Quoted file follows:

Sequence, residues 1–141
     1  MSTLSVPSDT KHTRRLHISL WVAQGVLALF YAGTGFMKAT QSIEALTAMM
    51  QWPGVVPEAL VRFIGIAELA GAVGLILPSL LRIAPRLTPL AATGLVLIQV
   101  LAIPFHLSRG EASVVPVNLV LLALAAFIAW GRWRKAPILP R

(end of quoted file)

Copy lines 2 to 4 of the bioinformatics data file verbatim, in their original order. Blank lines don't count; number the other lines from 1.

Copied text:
     1  MSTLSVPSDT KHTRRLHISL WVAQGVLALF YAGTGFMKAT QSIEALTAMM
    51  QWPGVVPEAL VRFIGIAELA GAVGLILPSL LRIAPRLTPL AATGLVLIQV
   101  LAIPFHLSRG EASVVPVNLV LLALAAFIAW GRWRKAPILP R